Tag Archives: beef stock

Healing Soups series…let’s step back to Stock.

Can’t believe I started a Healing Soups series without first writing about Stock…aka, meat stock…bone broth. Maybe it’s because I am immersed in stock right now, (not literally, don’t worry!) I am making stock like crazy for a little boy who has had the flu, and for the rest of us who want to stay well…I am teaching a Making Stock GAPS ™ Style tomorrow morning in Westminster, CO, and I am readying for my stock class which I will be teaching at the Fourfold Path to Healing Conference in Baltimore one week from today. So…….I thought I’d share with you an article I wrote for Edible Chesapeake Magazine, which was published in November 2009. It appeared under the Cooking Fresh heading. Unfortunately for those in the Chesapeake Bay watershed area, Edible Chesapeake folded a few months later.  Here’s the article. I hope you enjoy it!

Stay tuned for tomorrow’s Healing Soup. hmmmm…..wonder what it will be?! 😉

Nutrient-Dense Stock…the Foundation of all Great Soup

By Monica Corrado

Mmm…mmm, there is nothing like a bowl of homemade soup when the weather starts to chill, and there is nothing better than soup made with homemade stock. Stock made well is a nutrient-dense elixir that gives a great bang for your nutritional buck: It is high in calcium and other minerals your body needs that are easily absorbed, it can reduce the amount of protein you eat, and the gelatin has been known to help heal many digestive and other disorders, including anemia, diabetes, colitis, rheumatoid arthritis and even cancer1. Gelatinous stock is liquid nutrition for lactating mothers, menopausal women and children, whose bones are growing. It is also a perfect first food for infants.

As in all things, the quality of in the raw ingredients determines the quality of the final product. Bones from a grass-fed producer is the key to a rich, gelatinous stock. Bones from cows raised on feed-lots and chickens raised in cages just do not gel. You will need two types of bones for your stock: what I like to call “boney” bones, like marrow and knuckle bones; and “meaty bones,” such as chuck ribs or neck bones. Boney bones yield gelatin and minerals, while meaty bones will ensure rich color and flavor.

Next, the vegetables. Again, source counts. In these days of depleted soil, even organic vegetables can be low in minerals. Look for vegetables from farmers who add vital nutrients back into the soil, such as biodynamic farmers. If you can’t get biodynamic, grow your own, or go to a farmers market for fresh, local produce. Check with the farmer to find out what he or she is doing to help heal the earth.

1  For more information about the use of gelatin to heal the digestive tract and other disorders, see Gut and Psychology Syndrome: Natural Treatment for Autism, Dyspraxia, ADD, ADHD, Dyslexia, Depression and Schizophrenia, by Natasha Campbell-McBride, MD; “Why Broth is Beautiful,” in Wise Traditions in Food, Farming and the Healing Arts, Spring 2003, by Kaayla T. Daniel, MS CCN; Gelatin in Nutrition and Medicine, by N.R. Gotthoffer; Hydrophilic Colloid Diet, by F.M. Pottenger, MD; Restoring Your Digestive Health: How the Guts and Glory Program Can Transform Your Life, by Jordan Rubin, NMD and Joseph Brasco; and the Weston A. Price Foundation at www.westonaprice.org.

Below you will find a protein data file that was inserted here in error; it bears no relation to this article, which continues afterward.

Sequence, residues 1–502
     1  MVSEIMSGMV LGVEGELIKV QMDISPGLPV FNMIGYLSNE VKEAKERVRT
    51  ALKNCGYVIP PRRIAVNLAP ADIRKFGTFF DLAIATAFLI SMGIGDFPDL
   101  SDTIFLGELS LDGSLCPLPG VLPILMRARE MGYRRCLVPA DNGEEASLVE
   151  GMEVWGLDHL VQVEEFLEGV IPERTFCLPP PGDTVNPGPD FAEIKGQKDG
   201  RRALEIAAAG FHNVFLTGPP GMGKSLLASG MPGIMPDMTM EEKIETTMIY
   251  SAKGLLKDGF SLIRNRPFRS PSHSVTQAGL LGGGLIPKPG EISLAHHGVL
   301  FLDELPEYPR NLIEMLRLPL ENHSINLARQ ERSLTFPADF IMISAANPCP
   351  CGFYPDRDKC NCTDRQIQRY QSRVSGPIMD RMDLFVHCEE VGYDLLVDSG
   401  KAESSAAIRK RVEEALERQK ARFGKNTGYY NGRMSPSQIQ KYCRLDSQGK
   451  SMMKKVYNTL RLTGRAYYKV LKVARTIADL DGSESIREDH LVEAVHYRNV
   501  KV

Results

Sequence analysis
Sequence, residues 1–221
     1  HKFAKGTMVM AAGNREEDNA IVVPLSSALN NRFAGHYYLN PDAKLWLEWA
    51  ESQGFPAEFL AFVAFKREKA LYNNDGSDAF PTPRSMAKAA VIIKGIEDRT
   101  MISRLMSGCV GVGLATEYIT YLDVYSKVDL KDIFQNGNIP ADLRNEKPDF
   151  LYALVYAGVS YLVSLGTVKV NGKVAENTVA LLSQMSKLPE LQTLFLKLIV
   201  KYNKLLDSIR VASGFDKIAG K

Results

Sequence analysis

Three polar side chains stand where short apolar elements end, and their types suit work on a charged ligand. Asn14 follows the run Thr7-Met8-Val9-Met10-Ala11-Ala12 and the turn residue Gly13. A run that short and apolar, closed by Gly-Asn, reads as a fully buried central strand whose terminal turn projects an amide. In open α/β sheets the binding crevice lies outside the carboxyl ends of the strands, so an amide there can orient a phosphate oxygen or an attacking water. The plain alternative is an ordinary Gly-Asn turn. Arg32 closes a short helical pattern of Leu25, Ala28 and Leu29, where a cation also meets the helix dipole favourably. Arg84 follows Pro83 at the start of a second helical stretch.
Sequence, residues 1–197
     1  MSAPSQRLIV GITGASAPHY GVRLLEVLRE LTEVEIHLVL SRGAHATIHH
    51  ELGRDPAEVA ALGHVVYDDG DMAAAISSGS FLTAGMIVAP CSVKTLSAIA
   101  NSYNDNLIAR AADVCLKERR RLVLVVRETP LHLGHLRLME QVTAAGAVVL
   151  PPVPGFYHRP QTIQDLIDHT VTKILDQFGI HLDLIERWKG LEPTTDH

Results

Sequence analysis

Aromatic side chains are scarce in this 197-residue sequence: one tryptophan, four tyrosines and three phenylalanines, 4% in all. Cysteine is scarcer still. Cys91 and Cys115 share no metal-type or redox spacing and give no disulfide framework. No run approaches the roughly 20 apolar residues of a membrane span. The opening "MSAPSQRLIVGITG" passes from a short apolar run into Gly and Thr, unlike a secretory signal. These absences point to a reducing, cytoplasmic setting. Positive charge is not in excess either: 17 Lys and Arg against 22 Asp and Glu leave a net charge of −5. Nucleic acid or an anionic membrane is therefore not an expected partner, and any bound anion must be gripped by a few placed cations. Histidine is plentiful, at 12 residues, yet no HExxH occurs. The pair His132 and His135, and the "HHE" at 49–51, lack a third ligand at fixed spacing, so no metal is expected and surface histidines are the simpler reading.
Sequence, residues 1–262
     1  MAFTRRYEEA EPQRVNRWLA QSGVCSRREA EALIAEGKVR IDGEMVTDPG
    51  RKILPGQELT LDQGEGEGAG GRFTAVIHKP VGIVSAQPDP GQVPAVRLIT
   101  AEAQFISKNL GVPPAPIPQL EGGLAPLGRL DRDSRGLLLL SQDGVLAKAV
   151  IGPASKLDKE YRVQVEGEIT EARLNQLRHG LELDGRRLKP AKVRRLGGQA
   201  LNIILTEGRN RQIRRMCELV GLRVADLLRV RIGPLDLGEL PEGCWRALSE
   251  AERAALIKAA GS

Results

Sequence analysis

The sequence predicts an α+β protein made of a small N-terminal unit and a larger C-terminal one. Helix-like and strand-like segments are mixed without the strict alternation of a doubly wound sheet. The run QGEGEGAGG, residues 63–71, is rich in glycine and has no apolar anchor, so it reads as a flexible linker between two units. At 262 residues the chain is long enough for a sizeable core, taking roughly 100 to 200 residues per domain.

the pot ready to roll

A pot of beef stock, ready to "roll"!

Beef Stock

about 4 pounds boney bones, marrow or knuckle bones

about 3 pounds meaty bones, chuck ribs or neck bones

4 quarts pure water

3 celery ribs, coarsely chopped

3 carrots, coarsely chopped

3 onions, coarsely chopped

¼ cup raw vinegar, such as apple cider vinegar

Roast meaty bones in the oven at 350 degrees until browned, about an hour or so. Meanwhile, place boney bones in a large, heavy stock pot with the vinegar and water and let soak for 1 hour. The vinegar will act on the bones and help to draw out the calcium and the gelatin for a rich stock. When the meaty bones are browned, add to the pot, along with any accumulated juices and the vegetables.

Bring the pot to a boil; skim the scum, and lower to a simmer. Do not cover the pot. The stock should be fairly still on the surface with movement underneath. (I call this “rolling”.) Roll the stock for a minimum of 24 and a maximum of 72 hours, and then strain. The longer you roll the stock, the more concentrated it will become. (Be sure to keep the bones covered with water throughout, unless you want a demi glace.) Pour into a low pan to bring to room temperature quickly (within 4 hours), and then cool in the refrigerator. Remove fat from the top of the stock and save to cook with later. As a saturated fat, beef tallow is one of the healthiest fats to cook foods at high temperatures. Under the fat you will find thick, rich gelatin. If the stock has not gelled, you may wish to add a good-quality gelatin to the stock when you use it in recipes. (Bernard Jensen produces a high-quality gelatin; see http://www.radiantlifecatalog.com.)